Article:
Please Note: This article is written for users of the following Microsoft Word versions: 2007, 2010, and 2013. If you are using an earlier version (Word 2003 or earlier), this tip may not work for you. For a version of this tip written specifically for earlier versions of Word, click here: Consolidating Changes under a Single User.

Consolidating Changes under a Single User

by Allen Wyatt
(last updated January 27, 2017)

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The Track Changes feature of Word comes in very handy when you want to track who makes what changes to a document. The feature makes it easy to see edits, along with the name of the person who made the change.

In some office situations, you may want changes to be done by multiple people, but to have those changes appear in the document as if they were done by a single person. For instance, your boss might make some changes in a document, and then hand a marked-up copy of the printed document to an assistant to enter more changes. Rather than have these other changes appear as if they were done by the assistant, you would probably want them to show as being done by the boss. (This makes sense—they were the boss' changes to begin with; someone else just entered them.)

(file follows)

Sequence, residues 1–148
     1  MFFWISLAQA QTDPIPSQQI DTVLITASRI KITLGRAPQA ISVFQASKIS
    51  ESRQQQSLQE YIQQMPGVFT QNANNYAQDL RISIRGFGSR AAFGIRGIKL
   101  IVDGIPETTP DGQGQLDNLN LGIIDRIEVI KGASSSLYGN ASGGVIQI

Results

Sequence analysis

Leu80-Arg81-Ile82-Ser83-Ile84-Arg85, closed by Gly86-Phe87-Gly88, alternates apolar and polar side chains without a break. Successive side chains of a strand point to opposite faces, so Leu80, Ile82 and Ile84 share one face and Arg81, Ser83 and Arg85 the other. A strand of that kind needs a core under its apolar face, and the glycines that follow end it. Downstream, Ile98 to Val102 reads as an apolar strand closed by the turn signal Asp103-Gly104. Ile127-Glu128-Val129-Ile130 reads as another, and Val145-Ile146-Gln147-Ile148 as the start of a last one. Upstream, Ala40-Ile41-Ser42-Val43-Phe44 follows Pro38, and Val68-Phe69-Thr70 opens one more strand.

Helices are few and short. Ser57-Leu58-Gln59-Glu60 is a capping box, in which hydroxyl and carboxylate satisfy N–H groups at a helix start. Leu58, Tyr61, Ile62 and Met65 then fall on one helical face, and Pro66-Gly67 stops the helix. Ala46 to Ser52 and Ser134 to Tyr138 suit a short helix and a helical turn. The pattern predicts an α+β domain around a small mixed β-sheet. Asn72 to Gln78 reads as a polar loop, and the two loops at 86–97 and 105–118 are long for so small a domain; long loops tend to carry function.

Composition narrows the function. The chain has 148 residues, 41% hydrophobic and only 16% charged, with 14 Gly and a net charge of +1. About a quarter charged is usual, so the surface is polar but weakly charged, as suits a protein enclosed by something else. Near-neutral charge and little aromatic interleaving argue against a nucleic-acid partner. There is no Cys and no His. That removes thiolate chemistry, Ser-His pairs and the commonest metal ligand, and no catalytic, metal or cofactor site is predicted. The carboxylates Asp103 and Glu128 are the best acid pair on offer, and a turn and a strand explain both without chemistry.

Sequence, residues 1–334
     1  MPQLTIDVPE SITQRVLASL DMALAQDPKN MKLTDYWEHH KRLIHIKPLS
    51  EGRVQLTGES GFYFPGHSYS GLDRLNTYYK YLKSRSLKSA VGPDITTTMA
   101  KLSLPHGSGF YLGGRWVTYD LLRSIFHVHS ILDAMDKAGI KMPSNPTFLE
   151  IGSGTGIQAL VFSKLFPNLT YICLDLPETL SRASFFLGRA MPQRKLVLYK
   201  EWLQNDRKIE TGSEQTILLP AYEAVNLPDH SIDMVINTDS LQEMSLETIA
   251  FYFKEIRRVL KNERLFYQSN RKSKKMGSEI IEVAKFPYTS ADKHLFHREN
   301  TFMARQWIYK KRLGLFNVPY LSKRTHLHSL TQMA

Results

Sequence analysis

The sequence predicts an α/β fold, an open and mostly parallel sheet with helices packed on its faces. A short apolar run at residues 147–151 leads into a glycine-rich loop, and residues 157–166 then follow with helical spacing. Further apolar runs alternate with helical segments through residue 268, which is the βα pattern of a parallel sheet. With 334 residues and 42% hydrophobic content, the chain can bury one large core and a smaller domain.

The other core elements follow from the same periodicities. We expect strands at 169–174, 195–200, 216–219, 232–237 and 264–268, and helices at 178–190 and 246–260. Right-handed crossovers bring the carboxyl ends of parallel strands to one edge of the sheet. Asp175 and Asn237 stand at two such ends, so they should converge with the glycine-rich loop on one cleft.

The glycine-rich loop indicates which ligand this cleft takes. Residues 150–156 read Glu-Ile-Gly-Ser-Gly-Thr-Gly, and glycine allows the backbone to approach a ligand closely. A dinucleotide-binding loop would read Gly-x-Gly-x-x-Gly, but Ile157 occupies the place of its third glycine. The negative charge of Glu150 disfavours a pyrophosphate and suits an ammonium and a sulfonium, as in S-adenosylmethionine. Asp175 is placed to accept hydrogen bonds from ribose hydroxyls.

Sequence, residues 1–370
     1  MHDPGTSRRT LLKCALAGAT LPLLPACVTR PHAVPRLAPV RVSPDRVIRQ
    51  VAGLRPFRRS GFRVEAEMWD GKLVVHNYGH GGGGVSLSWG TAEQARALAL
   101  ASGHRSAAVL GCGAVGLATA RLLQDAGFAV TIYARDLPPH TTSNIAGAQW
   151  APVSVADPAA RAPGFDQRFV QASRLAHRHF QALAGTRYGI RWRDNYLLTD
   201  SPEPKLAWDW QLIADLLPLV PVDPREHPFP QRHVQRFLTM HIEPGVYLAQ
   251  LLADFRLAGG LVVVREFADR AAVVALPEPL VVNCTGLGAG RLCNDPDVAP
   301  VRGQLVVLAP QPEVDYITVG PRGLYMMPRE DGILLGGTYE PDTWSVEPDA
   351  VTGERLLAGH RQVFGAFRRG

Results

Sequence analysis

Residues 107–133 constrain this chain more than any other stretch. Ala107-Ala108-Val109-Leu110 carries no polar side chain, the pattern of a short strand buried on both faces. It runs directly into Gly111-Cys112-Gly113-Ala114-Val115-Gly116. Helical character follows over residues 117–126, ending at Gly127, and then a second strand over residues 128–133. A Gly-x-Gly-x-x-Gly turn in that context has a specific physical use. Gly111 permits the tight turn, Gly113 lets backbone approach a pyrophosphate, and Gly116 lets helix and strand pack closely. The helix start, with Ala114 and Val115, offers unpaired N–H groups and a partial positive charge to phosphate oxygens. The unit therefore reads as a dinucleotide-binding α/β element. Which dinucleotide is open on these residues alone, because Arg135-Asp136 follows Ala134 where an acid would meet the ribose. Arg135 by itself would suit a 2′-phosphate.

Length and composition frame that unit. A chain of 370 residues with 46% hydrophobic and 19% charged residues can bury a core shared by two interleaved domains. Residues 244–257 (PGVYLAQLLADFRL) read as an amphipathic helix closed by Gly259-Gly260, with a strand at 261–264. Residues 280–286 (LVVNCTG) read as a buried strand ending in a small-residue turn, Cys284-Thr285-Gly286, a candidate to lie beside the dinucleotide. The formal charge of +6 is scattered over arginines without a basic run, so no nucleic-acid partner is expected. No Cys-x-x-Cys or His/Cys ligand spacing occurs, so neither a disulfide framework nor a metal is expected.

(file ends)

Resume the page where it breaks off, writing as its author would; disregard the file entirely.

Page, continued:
There are a couple of ways this can be done in Word. The most obvious way would be for the assistant to do the changes using the boss' computer. This may not be practical, however, since the boss may not want his or her computer to be used by anyone else, or the boss' computer may be a portable that travels with the boss.

That leads to another approach—pretend to be the boss. When you have the Track Changes feature turned on in Word, it stores a user name with each change made in a document. This name is taken from the name and initials you have set up in Word. (In Word 2007 you do this in the Popular options area of the Word Options dialog box. In later versions of Word you do it in the General options area of the Word Options dialog box.)

If you want to pretend you are the boss, so that your edits show up as the boss' edits, just change the name and initials to match whatever is on the boss' system. The information has to match exactly, or Word will still consider your edits to be different from the boss' original edits. A helpful way to make sure you get everything the same is to follow these steps on the boss' computer:

  1. Display the Word Options dialog box. (In Word 2007 click the Office button and then click Word Options. In Word 2010 and Word 2013 display the File tab of the ribbon and then click Options.)
  2. At the left side of the dialog box, click Popular (Word 2007) or General (later versions). (See Figure 1.)
  3. Figure 1. The General options of the Word Options dialog box.

  4. Press Alt+Print Screen. This copies a picture of the dialog box to the Clipboard.
  5. Create a new, blank document.
  6. Press Ctrl+V. You should see the picture of the dialog box in the document.
  7. Print the document.

You now have a hardcopy of what the boss' user information looks like, which means you can match it exactly within your system.